Alright everybody. Let’s shake off the cobwebs and get back learnin’, shall we? Today we’ll talk about a place that we all know and most of us love: California. Specifically, we’re gonna look at how the San Andreas Fault was born. It’s kind of a weird story, but an important one to know for the sake of understanding why California looks the way it does. And there will also be a food analogy, so read on!
Remember back when we talked about plate boundaries? The places where those big tectonic plates crash into and move along with one another? No. Well, let’s remind ourselves before we move on.
There are three types of plate boundaries: divergent (pulling apart), convergent (crashing together) and conservative (rubbin’ against one another). An example of a divergent plate boundary is the East African Rift, of a convergent boundary we’ve got the Himalayas, and for our conservative boundary we’ve got the good ole’ San Andreas Fault.
For most of the last 600 million years, the western part of North America was a convergent plate boundary. An old old plate that doesn’t exist anymore called the Farallon plate was happily subducting underneath North America (see Figure). What happened was that there was a pointy bit of the Pacific/Farallon plate boundary that rammed into the North American subduction zone about 30 million years ago and everything went apeshit. When that pointy bit hit North America, the subduction zone along the western margin started swallowing up a divergent zone (where new crust is being made). Instead of one outdoing the other, the whole thing just fell into a new regime altogether and we got a conservative plate boundary. Why, you ask? I don't think we have a good explination as to why we got the San Andreas out of this mess. Or at least I don’t know anybody that knows why. It’s like taking a hot dog and smashing it together with a hamburger and ending up with sushi. Crazy!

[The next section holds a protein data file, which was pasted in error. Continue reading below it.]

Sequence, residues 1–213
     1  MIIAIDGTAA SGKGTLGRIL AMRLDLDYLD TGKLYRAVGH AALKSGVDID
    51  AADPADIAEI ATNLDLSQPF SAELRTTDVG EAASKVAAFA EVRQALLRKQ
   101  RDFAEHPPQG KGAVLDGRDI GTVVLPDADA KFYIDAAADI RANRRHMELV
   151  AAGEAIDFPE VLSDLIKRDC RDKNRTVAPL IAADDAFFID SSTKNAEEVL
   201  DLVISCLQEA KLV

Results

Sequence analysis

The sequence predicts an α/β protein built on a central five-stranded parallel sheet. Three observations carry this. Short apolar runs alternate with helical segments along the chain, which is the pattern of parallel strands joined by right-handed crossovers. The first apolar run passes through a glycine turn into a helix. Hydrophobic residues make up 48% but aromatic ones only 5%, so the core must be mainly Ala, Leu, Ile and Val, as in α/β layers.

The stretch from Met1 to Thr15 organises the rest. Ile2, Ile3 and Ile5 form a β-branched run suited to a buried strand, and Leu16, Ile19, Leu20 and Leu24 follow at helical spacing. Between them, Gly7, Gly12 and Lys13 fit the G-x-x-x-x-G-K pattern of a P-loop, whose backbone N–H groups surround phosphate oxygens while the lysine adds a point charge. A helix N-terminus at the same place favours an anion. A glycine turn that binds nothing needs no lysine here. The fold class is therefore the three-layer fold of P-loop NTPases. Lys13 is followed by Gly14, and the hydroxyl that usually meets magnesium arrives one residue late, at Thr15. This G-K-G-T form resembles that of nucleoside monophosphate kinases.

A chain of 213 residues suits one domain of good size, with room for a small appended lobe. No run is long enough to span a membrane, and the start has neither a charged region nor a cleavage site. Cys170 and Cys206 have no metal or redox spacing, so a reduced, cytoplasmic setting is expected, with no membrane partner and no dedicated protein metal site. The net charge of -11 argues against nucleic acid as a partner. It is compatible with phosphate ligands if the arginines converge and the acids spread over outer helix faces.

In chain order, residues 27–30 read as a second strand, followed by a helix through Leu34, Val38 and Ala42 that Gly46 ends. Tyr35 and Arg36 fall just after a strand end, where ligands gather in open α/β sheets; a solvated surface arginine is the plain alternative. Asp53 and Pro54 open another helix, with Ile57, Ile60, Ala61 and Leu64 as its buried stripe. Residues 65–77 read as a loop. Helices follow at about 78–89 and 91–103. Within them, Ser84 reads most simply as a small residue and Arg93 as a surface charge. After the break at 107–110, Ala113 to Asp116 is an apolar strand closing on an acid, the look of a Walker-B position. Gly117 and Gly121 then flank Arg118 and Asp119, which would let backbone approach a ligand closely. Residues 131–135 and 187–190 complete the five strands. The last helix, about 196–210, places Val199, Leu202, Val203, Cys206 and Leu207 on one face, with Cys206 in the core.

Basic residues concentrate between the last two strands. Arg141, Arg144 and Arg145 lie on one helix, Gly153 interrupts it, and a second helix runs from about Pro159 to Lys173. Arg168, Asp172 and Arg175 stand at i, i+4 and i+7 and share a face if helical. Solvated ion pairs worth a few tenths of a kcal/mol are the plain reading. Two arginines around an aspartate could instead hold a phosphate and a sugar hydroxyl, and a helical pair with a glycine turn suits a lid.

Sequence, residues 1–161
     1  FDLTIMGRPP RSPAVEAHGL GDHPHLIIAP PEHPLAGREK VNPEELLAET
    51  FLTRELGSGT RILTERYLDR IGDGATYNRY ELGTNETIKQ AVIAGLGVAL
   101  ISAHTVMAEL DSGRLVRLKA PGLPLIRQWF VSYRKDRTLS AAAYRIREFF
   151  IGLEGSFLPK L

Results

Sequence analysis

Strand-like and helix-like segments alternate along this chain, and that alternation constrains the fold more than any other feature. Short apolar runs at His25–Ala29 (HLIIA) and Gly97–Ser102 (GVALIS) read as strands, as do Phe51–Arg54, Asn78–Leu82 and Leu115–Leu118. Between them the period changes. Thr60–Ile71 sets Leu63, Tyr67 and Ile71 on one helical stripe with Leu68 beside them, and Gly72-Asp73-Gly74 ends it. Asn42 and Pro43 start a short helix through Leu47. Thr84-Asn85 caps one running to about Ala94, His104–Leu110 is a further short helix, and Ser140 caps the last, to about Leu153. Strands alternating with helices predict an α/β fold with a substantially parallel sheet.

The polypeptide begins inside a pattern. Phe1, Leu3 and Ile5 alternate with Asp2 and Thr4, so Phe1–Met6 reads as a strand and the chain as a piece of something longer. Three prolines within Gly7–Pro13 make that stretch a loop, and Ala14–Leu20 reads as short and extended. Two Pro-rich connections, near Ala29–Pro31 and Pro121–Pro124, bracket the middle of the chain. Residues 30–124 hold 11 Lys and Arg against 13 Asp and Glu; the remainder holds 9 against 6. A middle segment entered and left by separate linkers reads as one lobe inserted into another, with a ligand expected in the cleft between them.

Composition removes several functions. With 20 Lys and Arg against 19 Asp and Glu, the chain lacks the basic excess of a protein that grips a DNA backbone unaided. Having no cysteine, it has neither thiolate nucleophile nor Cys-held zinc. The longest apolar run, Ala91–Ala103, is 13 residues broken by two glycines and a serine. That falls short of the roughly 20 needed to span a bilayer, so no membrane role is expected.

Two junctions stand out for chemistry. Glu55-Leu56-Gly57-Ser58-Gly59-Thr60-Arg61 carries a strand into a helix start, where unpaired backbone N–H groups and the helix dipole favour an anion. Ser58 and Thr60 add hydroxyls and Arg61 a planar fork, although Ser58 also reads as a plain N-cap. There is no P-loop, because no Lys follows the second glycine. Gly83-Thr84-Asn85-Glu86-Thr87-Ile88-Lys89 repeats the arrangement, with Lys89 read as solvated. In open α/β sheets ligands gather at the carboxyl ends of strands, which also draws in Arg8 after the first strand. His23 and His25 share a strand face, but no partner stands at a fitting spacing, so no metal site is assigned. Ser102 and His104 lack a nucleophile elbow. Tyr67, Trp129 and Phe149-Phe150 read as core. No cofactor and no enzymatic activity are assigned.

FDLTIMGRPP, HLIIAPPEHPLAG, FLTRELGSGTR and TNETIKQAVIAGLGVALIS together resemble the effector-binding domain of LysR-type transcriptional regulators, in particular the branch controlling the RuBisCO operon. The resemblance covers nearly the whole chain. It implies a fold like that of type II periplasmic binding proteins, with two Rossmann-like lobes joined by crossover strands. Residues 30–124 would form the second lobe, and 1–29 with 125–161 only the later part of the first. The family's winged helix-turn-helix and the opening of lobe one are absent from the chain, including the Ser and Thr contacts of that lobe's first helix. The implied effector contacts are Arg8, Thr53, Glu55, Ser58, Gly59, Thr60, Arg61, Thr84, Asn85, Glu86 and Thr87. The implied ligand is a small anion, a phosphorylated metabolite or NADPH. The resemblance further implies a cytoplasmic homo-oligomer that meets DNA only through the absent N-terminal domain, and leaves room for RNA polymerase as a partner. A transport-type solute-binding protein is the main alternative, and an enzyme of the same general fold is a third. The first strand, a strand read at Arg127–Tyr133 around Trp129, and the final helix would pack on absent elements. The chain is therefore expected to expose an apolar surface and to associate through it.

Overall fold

The sushi that we ended up with is the San Andreas, the big mother of all faults in California. Unless you’ve been living in a cave or on the East Coast or are totally oblivious to all that surrounds you, you probably know that this is the fault that gives everybody the jitters. And rightly so, it’s a big fuckin’ fault that has caused a lot of problems in the past. The San Andreas Fault serves as the boundary for the North American plate to the East (what the rest of America is attached to) and the Pacific plate to the West. Yes, that means in a few million years Los Angeles will be sittin’ pretty right next to San Francisco. Don’t frown, San Francisco. Surely by then we will have engaged Iran in nuclear conflict so you won’t have to put up with anything more than the mutated remains of model/actress zombies looking for temp jobs.
Zing! It’s good to be back!